Planning to vote Nov. 6? You may want to bring a snack, or a novel.
Dearborn City Clerk Kathleen Buda said voters should prepare for the longest ballot she’s seen in her 15 years in office.
“It’s a two-page ballot, both sides,” she said. “So the lines will be long.”
The ballot this Election Day will include a presidential election, elections for the offices of state representative, U.S. representative, U.S. senator, and a number of local offices—including, in Dearborn, the Board of Education and 19th District Court. There will also be five statewide ballot proposals, as well as five proposed Wayne County Charter amendments.
As such, the clerk’s office is encouraging anyone who is eligible to vote absentee.
According to Deputy Clerk Lola Isiminger, that includes:
- Residents 60 years of age or older
- Those who are physically unable to attend the polls
- Any appointed precinct worker serving in a precinct other than their own
- Anyone with a religious exemption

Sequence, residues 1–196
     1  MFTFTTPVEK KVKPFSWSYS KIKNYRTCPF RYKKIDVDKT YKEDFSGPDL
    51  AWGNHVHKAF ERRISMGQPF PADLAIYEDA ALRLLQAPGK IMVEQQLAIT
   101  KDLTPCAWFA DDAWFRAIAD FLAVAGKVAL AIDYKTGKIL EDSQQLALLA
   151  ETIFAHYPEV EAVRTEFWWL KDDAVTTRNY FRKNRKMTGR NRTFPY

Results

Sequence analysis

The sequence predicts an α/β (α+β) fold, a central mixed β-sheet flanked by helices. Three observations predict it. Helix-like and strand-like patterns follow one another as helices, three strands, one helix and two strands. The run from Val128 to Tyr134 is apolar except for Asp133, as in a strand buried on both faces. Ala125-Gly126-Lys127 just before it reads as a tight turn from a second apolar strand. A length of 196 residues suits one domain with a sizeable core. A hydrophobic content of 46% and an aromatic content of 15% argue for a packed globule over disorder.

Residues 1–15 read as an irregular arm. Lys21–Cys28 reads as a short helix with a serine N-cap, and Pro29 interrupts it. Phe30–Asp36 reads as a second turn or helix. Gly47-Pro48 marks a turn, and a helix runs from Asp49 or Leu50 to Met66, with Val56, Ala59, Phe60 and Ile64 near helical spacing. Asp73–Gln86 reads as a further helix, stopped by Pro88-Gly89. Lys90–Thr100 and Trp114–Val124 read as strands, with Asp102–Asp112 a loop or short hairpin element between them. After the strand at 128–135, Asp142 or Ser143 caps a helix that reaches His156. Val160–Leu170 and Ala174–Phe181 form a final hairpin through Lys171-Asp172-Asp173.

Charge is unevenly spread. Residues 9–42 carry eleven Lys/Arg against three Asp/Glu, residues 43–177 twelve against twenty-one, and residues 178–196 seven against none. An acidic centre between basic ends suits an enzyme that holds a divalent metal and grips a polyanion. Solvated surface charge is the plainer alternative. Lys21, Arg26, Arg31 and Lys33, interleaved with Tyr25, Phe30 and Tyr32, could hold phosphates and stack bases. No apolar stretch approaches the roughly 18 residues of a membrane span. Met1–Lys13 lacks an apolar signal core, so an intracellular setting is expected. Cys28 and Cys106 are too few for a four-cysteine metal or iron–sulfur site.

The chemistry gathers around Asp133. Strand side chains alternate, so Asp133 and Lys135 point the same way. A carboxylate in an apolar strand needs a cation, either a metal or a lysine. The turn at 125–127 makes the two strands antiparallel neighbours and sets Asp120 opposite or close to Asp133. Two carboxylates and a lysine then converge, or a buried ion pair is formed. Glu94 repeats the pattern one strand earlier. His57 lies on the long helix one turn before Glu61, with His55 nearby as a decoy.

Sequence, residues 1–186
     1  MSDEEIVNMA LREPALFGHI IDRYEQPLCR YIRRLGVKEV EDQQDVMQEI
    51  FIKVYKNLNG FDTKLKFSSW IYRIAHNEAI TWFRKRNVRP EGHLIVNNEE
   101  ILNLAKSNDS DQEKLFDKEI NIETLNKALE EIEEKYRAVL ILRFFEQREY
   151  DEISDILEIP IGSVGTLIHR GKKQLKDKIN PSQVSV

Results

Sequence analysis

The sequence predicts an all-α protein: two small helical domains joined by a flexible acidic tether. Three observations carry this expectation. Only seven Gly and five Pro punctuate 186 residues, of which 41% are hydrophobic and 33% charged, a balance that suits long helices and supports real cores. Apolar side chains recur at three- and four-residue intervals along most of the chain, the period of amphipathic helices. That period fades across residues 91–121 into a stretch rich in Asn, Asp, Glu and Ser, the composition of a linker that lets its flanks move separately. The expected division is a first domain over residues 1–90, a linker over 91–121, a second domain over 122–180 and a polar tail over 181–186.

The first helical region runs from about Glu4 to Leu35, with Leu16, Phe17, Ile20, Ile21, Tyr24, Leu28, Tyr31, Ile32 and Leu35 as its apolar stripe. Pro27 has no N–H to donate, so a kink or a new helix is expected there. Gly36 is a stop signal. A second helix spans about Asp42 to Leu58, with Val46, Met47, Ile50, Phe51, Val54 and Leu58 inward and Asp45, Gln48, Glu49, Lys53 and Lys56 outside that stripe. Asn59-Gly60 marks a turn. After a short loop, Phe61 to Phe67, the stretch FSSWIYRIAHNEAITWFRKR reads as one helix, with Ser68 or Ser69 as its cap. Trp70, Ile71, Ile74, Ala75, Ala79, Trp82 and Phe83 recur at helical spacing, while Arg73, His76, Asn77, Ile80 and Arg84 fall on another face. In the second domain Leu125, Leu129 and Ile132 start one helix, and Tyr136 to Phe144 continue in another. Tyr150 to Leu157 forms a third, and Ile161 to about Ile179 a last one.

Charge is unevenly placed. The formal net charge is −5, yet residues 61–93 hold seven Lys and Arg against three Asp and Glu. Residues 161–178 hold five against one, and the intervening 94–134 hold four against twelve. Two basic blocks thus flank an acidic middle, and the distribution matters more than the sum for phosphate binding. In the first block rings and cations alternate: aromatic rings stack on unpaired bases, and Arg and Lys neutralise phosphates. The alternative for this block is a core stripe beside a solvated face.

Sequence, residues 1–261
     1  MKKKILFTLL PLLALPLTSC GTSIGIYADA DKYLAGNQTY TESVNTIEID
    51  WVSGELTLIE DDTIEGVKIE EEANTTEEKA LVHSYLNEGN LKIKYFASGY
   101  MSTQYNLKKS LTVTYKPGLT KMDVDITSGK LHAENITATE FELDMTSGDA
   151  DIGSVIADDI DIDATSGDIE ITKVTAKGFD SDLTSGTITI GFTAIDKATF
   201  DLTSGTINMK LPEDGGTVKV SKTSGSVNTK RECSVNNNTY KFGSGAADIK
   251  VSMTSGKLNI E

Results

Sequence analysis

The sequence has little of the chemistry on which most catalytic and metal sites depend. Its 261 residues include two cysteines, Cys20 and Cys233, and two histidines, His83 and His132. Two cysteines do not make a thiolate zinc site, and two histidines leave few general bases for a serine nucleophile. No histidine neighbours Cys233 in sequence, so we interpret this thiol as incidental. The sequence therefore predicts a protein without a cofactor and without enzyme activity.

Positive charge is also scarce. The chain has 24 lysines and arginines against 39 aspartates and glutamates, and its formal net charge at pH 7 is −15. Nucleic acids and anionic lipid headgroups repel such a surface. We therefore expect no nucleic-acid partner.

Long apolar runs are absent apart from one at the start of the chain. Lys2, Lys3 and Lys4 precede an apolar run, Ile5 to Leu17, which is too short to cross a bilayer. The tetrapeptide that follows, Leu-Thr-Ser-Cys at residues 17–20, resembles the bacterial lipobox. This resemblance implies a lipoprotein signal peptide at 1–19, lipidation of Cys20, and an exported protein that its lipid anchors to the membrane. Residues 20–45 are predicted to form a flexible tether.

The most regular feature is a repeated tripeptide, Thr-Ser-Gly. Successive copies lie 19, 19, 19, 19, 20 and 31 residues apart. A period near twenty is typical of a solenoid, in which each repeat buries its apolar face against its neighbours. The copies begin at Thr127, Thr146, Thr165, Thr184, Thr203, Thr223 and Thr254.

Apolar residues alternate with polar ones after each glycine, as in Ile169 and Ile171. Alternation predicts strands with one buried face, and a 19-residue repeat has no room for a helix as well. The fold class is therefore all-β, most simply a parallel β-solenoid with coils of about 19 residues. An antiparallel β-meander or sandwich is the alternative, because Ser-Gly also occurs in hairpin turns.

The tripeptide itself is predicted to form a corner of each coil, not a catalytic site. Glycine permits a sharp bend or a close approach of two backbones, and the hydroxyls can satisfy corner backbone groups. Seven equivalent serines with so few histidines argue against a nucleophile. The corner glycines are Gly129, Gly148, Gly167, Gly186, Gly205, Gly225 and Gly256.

- Residents who will be confined to jail on Election Day
- Anyone expecting to be absent from their community on Election Day
In Dearborn, absentee voting is already a common practice. Isiminger said that 2008 was the highest amount of absentee ballots she has seen in her more-than 20 years of service.
For the 2008 Presidential Election, Dearborn had 60,633 registered voters—42,206 of whom turned out to vote. Of those, 8,575—or 20.3 percent—were absentee voters.
Buda said that the majority of absentee ballots that were already confirmed were sent out Oct. 5. For anyone else looking to vote absentee who has not already applied, forms are available at the Dearborn City Clerk’s office, which is located at Dearborn City Hall, at 13615 Michigan Ave.
Hours are 8 a.m.-4:30 p.m., Monday through Friday, as well as the Saturday before Election Day.
Registered voters can also download absentee voting forms online on the City of Dearborn website.
Application forms must be turned in to the Dearborn City Clerk in person or by mail. The last day the clerk’s office can grant mail or in-person requests for absentee ballots is Nov. 3.
Absentee ballots can be turned in until the polls close on Election Day—8 p.m. Nov. 6.
Isiminger said the clerk’s office is planning to have 3-4 election workers at each of Dearborn’s 50 precincts, and that the process of checking in will be sped up by the use of laptops.
“The biggest time is what it will take to fill out the ballot,” she said.